It's more that an apology is a signal; to make it effective, you must communicate that it's a real signal reflecting your actual internal processes, and not a result of a surface-level "what words can I say to appear maximally virtuous" process.

So for instance, if you say a sentence equivalent to "I admit that I was wrong to do X and I'm sorry about it, but I think Y is unfair", then you're not communicating that you underwent the process of "I realized I was wrong, updated my beliefs based on it, and wondered if I was wrong about other things".

I'm not entirely sure what the simplest fix is

A simple fix would be "I admit I was wrong to do X, and I'm sorry about it. Let me think about Y for a moment." And then actually think about Y, because if you did one thing wrong, you probably did other things wrong too.

This seems to have generated lots of internal discussions, and that's cool on its own.

However, I also get the impression this article is intended as external communication, or at least a prototype of something that might become external communication; I'm pretty sure it would be terrible at that. It uses lots of jargon, overly precise language, references to other alignment articles, etc. I've tried to read it three times over the week and gave up after the third.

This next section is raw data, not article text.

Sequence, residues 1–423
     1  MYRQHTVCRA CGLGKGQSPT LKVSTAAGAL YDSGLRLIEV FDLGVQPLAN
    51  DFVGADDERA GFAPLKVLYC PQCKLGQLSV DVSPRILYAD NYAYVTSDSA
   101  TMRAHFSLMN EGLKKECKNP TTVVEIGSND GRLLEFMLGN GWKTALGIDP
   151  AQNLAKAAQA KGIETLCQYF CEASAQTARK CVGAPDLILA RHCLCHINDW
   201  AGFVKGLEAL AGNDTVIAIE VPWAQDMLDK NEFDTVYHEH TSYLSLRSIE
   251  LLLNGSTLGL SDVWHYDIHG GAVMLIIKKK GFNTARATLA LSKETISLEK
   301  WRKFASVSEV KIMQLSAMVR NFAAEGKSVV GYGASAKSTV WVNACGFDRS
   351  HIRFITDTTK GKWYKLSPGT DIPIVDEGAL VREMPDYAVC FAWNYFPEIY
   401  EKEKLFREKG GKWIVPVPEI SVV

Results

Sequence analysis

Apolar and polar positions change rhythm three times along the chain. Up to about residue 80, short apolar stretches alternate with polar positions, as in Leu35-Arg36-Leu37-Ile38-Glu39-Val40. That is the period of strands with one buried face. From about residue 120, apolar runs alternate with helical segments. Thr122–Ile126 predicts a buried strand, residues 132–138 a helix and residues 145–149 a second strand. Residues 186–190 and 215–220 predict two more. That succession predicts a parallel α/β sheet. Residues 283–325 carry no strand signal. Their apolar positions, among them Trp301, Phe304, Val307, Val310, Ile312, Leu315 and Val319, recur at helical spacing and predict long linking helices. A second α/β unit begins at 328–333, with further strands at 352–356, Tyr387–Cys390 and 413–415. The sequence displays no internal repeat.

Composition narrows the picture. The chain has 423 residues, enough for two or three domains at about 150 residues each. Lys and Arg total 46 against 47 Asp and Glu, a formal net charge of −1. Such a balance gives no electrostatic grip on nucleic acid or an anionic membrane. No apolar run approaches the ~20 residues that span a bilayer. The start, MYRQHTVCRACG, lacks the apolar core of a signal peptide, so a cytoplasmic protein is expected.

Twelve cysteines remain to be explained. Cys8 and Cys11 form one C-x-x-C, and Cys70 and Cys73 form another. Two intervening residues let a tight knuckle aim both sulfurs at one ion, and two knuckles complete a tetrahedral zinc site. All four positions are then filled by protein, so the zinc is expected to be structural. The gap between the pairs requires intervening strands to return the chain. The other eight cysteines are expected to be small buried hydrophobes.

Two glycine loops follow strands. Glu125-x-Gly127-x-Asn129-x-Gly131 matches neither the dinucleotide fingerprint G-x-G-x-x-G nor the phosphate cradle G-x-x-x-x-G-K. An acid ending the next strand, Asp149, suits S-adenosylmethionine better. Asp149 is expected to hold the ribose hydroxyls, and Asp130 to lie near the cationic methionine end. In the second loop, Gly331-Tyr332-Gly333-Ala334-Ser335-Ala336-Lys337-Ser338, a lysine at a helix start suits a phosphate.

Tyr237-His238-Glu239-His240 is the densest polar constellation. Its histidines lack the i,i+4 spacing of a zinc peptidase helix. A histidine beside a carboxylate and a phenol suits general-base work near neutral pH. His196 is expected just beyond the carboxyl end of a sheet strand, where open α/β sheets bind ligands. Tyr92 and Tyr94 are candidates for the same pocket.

I think I'm missing something obvious, or I'm missing some information. Why is this clearly ridiculous?

Nuclear triad aside, there's the fact that the Arctic is more than 1000 miles away from the nearest US land (about 1700 miles away from Montana, 3000 miles away from Texas), that Siberia is already roughly as close.

And of course, the fact the Arctic is made of, well, ice, that melts more and more as the climate warms, and thus not the best place to build a missile base on.

Even without familiarity with nuclear politics, the distance part can be checked in less than 2 minutes on Google Map; if you have access to an internet connection and judges that penalize blatant falsehoods like "they can hit us from the Arctic", you absolutely wreck your adversary with some quick checking.

Of course, in a lot of debate formats you're not allowed the two minutes it would take to do a google map check.

Yeah, stumbling on this after the fact, I'm a bit surprised that among the 300+ comments barely anybody is explicitly pointing this out:

I think of myself as playing the role of a wise old mentor who has had lots of experience, telling stories to the young adventurers, trying to toughen them up, somewhat similar to how Prof Quirrell[8] toughens up the students in HPMOR through teaching them Defense Against the Dark Arts, to deal with real monsters in the world.

I mean... that's a huge, obvious red flag, right? People shouldn't claim Voldemort as a role model unless they're a massive edgelord. Quirrell/Voldemort in that story is "toughening up" the students to exploit them; he teaches them to be footsoldiers, not freedom fighters or critical thinkers (Harry is the one who does that) because he's grooming them to be the army of his future fascist government. This is not subtext, it's in the text.

HPMOR's Quirrell might be the EA's Rick Sanchez.